Given that Powerset’s bread and butter is the development of algorithms that understand natural language, this seems a like a good business opportunity for them / Google.

Maybe they will read my blog. :)

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This screenshot was taken from http://www.johnmccain.com/supporters/ on 18 July.  Kind of funny.

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The end of spam

These days, spam accounts for 90% of all email.  My Gmail account is deluged with about 150 spam messages per day.  It costs businesses an estimated $10 billion per year to deal with.  And the problem just keeps getting worse.  Botnets on compromised computers can crack CAPTCHAs, create endless random accounts, and send millions of emails.  If you clean up some of the computers, you can be sure that even more will be compromised in time.  It is believed that spam could cripple the electronic mail system.

What are we to do?  A number of solutions have been proposed, all with their limitations.  Some have suggested using digital signatures, certificates, white lists, better filtering algorithms, and so on.  But hackers continually invent ways to circumvent our defenses.

The solution, in my opinion, is to get rid of email.  That’s right, eliminate email.  It’s an inherently vulnerable system of communication.

Internet users under the age of 25 don’t use it anymore, anyway.  Their primary means of communication is social networking sites.  Web forums replaced mailing lists as the primary means of communication for special interest groups several years ago.  Services like Google Docs, Google Sites, and web interfaces on internal corporate LANs are already paving the way for new forms of collaboration.

In short, our future is on the web.  In five or 10 years, we will have web interfaces that satisfy all of our communication needs, whether it’s online desktops, private messaging, or group collaboration.  Email will be as obsolete as gopher (yeah, remember that?).

The best part is that these interfaces provide far better control over the communication channels than email does, as long as people understand how to use them.

On a personal note, I rarely use email anymore, too.  More than 99% of my email is spam.  I won’t miss it.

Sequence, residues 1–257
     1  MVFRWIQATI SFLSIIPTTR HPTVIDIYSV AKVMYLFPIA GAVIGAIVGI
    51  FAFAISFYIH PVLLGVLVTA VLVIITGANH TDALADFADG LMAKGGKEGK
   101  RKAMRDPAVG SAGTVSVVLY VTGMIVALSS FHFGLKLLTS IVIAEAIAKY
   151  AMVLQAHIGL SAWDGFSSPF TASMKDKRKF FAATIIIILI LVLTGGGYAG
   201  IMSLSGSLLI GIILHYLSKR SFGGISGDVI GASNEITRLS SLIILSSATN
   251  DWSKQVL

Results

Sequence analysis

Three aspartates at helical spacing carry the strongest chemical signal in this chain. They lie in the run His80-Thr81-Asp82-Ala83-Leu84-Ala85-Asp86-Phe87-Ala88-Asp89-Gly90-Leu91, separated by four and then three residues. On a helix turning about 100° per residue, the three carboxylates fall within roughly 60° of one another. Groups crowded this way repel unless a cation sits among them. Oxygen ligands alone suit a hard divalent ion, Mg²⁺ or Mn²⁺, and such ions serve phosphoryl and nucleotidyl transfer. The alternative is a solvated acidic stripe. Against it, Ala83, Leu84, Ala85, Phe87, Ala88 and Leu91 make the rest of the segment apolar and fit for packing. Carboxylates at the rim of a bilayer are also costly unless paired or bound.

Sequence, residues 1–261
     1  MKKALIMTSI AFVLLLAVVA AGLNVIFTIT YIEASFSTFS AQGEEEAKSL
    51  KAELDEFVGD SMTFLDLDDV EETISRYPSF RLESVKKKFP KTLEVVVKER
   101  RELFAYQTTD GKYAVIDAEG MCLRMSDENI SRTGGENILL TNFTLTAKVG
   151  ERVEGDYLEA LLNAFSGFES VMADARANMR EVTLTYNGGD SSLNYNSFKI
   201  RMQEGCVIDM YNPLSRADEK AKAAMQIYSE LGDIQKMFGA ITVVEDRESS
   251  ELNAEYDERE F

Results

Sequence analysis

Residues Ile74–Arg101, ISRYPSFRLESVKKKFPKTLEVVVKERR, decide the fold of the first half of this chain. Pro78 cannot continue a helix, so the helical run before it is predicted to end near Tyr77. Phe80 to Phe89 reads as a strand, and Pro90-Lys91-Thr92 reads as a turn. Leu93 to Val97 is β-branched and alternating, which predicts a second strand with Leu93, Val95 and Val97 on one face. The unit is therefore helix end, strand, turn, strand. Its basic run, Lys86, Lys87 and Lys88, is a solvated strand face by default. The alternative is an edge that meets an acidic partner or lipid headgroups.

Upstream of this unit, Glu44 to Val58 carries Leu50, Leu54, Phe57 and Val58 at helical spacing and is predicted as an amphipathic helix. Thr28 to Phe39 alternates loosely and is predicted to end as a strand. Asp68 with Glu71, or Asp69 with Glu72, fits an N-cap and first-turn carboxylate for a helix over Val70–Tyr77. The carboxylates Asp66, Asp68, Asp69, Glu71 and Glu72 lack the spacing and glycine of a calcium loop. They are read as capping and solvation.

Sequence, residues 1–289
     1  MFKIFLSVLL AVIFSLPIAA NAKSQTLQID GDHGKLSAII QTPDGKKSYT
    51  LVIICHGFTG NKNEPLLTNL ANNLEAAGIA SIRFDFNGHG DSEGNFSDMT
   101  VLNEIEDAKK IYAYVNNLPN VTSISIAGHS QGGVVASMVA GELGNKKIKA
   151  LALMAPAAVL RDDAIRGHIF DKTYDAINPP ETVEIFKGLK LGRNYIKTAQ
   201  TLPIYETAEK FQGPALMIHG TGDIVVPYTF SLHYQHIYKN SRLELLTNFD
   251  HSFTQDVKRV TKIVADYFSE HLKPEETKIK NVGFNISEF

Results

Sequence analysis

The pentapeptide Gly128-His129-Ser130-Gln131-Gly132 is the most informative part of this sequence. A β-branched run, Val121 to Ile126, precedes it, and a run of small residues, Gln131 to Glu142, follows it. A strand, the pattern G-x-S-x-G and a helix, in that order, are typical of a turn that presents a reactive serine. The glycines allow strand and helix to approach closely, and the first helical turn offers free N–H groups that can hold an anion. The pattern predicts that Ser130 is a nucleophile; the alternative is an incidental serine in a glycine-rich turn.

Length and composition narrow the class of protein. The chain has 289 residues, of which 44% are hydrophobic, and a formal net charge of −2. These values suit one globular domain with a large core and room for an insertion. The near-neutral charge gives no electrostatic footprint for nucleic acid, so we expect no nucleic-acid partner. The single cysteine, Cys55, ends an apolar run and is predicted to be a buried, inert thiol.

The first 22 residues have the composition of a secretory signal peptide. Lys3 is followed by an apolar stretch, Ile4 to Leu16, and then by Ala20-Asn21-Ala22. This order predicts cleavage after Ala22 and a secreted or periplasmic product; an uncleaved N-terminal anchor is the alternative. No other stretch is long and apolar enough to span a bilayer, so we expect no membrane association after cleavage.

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Information Week reports on an analysis by the web monitoring firm Pingdom, which revealed that Microsoft has the most “reliable” update service, better than Mac, and much better than Ubuntu.   Microsoft’s update service had an uptime of 100% in the second quarter of 2008, while Mac’s was 99.9%, and Ubuntu’s was 98.6%.

Of course, this single metric doesn’t tell you much about the overall quality of the update service.  How about the quality of the updates themselves?  How many vulnerabilities were fixed, and how many vulnerabilities were introduced that need further patching?  How about the length of time that it takes to get updates, especially those that address critical security vulnerabilities, out to the public?  I’d rather have to wait a couple of hours to get an update because the server is down than to wait weeks or months because the software developers haven’t completed the patches.  The fact still remains that updates take significantly longer to get to Windows users than to Ubuntu users, and GNU/Linux is still a more secure operating system.  Pingdom’s analysis is worthless.

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WASHINGTON (AP) — The head of the Federal Communications Commission said Thursday he will recommend that the nation’s largest cable company be punished for violating agency principles that guarantee customers open access to the Internet.

The potentially precedent-setting move stems from a complaint against Comcast Corp. that the company had blocked Internet traffic among users of a certain type of “file sharing” software that allows them to exchange large amounts of data.


I signed a contract with Comcast for a service that was advertised as providing unlimited data transfer at 5 Mb/s.  By shaping their clients’ Internet traffic, Comcast was clearly offering a service that was falsely advertised, even if they weren’t violating their own contract with the customer.

Am I just another copyright violator complaining because Comcast is thwarting my ability to break the law?  No, there are legitimate uses of p2p networks, such as distributing open source software.  Many OSS developers recommend using p2p networks to distribute their products, since they provide better data integrity and take a load off the developers’ servers.

Oh, well.  I’ll be moving soon, and I won’t have to put up with Comcast anymore.